How to move your fish tank when moving house

Relocating your fish between houses can be stressful for both us and the fish. It's important to move your fish and their aquarium as quickly as possible to reduce as much anxiety as possible for your beloved aqua pets. Here are some tips and recommendations for a successful move.

It is important to remember that you will need to move the aquarium before your fish and should be either be the very first or the very last thing you move when moving house, as it is important to establish a new permanent spot for your aquarium, so you are not having to move it again. Find a suitable position that fits in with your furniture, not in direct sunlight but in a spot that is in moderate and natural light with a consistent temperature.

Before you move, make sure your removalist has access and that the tank can fit through the doorways, lifts up stairwells. If you're moving to an apartment or moving office on an upper floor make sure your removalist has access to a service lift. Also make sure the tank doesn't exceed the weight limit of the floor nothing worse than having your fish tank go through the floor into your new neighbor's apartment.

Step one before moving: You will have to remove your fish from the tank. If you don't already have any on hand, your local aquatic and aquarium shop should have either bags or poly boxes. The poly boxes are essential for larger fish or fish that require a warm environment, like tropical or marine fish. If you are using a bag, make sure you fill the bag with 25% water, making sure to leave as much oxygen in the bag as possible. Close and tie up the bag with a rubber band or similar so you can easier re-open the bag without disturbing your fish too much. It is also important to keep as much existing tank water as possible, RO water containers will also be available from your local marine shop.

Don't forget about your filter system. The tanks filter is the heart of your aquarium and have have their own little eco-systems made up of good bacteria that are essential to the quality of water in the tank and to your fish's health. So it's a good idea to keep as many of these bacteria's alive for as long as possible during your move. In order to have the best outcome, place your filter media (carbon, sponges etc) in a bucket or container of the existing tank water and if possible keep the water oxygenated with a battery powered oxygen pump, this will ensure as many as possible of the bacteria will stay alive during the move. Make sure you have removed all water and decorations to avoid any cracking of the tank due to heavy weight.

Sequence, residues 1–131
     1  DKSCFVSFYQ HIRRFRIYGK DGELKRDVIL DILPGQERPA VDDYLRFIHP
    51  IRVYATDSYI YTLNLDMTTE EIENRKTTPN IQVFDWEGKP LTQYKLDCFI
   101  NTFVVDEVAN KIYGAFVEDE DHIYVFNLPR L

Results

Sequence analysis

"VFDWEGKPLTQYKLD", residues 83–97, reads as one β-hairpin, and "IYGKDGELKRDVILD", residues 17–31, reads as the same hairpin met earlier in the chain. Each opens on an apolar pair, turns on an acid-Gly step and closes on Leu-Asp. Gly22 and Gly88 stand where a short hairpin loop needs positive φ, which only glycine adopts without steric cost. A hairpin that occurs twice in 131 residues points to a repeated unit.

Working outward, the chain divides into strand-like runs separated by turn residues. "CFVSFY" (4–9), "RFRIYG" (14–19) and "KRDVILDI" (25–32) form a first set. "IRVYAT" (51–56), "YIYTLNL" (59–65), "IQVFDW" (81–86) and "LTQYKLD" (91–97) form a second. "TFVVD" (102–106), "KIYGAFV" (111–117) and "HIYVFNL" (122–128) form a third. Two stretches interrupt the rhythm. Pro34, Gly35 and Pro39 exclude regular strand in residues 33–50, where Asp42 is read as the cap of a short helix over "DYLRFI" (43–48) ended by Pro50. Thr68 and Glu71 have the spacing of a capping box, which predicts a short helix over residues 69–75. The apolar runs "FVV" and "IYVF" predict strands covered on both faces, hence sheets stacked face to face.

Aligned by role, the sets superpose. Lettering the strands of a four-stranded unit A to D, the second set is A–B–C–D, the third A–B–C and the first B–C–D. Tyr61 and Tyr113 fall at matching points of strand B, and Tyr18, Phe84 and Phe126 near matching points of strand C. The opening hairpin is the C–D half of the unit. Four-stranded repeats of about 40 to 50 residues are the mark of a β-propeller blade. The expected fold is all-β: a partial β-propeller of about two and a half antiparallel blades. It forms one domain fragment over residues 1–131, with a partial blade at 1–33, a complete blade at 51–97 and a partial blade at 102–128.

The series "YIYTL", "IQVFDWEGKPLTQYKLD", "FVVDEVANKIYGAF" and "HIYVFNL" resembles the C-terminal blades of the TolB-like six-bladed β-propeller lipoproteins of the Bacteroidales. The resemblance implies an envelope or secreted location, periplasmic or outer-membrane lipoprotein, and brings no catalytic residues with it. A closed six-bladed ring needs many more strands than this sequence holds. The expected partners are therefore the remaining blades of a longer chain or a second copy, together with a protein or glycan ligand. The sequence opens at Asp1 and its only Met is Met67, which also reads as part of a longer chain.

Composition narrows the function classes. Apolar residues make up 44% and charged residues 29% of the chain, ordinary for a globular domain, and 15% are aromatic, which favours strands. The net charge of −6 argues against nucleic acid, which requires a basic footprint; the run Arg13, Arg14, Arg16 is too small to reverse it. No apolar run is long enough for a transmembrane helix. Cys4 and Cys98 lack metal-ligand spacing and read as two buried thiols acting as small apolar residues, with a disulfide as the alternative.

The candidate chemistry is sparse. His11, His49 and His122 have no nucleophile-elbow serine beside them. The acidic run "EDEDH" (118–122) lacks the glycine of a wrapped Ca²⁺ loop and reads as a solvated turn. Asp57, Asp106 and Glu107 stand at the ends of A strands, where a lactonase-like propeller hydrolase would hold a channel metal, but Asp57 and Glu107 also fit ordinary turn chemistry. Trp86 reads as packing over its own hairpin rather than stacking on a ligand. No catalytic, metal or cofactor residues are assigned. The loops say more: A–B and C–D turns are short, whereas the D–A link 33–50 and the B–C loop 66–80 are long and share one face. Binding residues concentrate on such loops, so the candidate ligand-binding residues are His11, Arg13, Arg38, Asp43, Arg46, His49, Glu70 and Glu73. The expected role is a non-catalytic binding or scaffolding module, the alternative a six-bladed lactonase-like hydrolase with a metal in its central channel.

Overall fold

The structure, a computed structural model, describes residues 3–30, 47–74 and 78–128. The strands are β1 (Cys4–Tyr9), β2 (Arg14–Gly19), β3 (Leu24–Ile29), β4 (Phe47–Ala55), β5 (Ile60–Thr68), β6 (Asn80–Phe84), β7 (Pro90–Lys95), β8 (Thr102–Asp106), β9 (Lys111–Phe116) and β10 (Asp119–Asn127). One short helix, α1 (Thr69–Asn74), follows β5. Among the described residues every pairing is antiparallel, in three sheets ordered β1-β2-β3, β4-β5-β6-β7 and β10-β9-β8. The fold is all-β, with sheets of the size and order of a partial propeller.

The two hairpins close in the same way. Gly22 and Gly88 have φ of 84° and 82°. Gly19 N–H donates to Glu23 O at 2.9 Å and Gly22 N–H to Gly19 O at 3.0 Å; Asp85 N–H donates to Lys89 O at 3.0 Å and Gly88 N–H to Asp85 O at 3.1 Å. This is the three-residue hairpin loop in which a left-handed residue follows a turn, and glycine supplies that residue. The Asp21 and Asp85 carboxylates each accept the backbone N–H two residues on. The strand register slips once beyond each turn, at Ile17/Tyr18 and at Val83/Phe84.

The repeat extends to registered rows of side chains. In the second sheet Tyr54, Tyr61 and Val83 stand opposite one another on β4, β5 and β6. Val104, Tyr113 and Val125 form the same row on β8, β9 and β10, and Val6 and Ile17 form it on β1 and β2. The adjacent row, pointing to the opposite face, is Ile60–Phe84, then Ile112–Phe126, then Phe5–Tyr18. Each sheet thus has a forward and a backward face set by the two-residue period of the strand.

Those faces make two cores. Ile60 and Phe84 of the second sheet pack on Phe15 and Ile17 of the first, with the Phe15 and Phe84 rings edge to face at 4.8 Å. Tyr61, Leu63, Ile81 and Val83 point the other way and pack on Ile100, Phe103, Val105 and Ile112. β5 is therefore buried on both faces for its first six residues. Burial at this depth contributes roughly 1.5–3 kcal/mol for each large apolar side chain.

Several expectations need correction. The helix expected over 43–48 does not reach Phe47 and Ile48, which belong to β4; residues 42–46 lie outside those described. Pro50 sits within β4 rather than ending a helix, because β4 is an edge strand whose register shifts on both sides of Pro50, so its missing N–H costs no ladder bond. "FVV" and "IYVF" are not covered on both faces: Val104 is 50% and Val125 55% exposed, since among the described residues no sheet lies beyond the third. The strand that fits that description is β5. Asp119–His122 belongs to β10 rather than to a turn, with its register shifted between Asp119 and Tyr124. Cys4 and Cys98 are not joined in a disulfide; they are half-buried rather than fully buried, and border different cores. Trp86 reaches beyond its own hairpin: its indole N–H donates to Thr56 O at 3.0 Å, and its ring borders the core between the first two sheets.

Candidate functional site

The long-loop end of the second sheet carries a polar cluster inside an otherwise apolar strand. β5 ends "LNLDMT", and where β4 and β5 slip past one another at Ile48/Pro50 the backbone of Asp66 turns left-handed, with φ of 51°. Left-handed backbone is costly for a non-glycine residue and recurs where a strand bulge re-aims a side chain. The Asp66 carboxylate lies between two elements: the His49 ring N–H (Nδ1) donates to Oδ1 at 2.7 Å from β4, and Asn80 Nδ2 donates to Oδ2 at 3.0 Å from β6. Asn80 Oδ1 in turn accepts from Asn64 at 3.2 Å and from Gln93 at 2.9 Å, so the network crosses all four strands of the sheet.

Now you are ready to safely move your aquarium tank and cabinets to your new home. This is where being prepared with a professional removalist will save your back and ensure your tank arrives safely. Instead of playing russian roulette with it on the back of a ute or trailer, remember it might only take one big bump or stray stone to compromise your fish tank. So a covered moving company truck is a much safer option.

Once you have set up your aquarium in it's new position, it's time to add the preserved water back into the tank. Depending on how much water you saved will depend on how quickly you can re-introduced your fish back into their tank. Once the water is back in the tank you can then add any electrical equipment, ornament, stones etc As soon as this is done, you can set up your filter in tank. Now you can start to re-fill the tank. It's a good idea to turn up your heater 2-3 degrees to help warm the water so you are able to get your fish back in the tank quicker. DO NOT FORGET TO TURN IT BACK DOWN! It's also advisable to add a dechlorinating agent to the water.

Once the water is at its desired temperature (and you have turned the heater back to it's set temperature) You are now ready to re-introduce your fish back to their aquarium. Be careful to slowly lift the lid on the poly box and slowly allowing more and more light into the box over about a 15 minute period. Too much light too quickly will likely stress your fish as they are photosensitive like us.

When your tank is at the correct temperature and filters and pumps are turned on and working, it's time to introduce your fish back into their aquarium. For bagged fish, float them in their bags for around 15-20 minutes, then carefully undo the bags and roll down the sides to allow the new tank water to gently enter the bag, this will allow the fish to adjust to the new water and temperature. Keep and eye on them and once they have adjusted, you can fully release then and remove the bags. It's a good idea to leave any lights off for around 4-6 hours during the period of reintroduction. Some fish will swim straight to the bottom or hide behind rocks etc this is normal while they get used to their new surroundings.

Now your fish are in their new home, be sure to keep a watchful eye for any distress. Feeding can begin after about 24 hours.

Always make sure to monitor your fish, their aquarium and filters and pumps to make sure everything is running as it should after the move.

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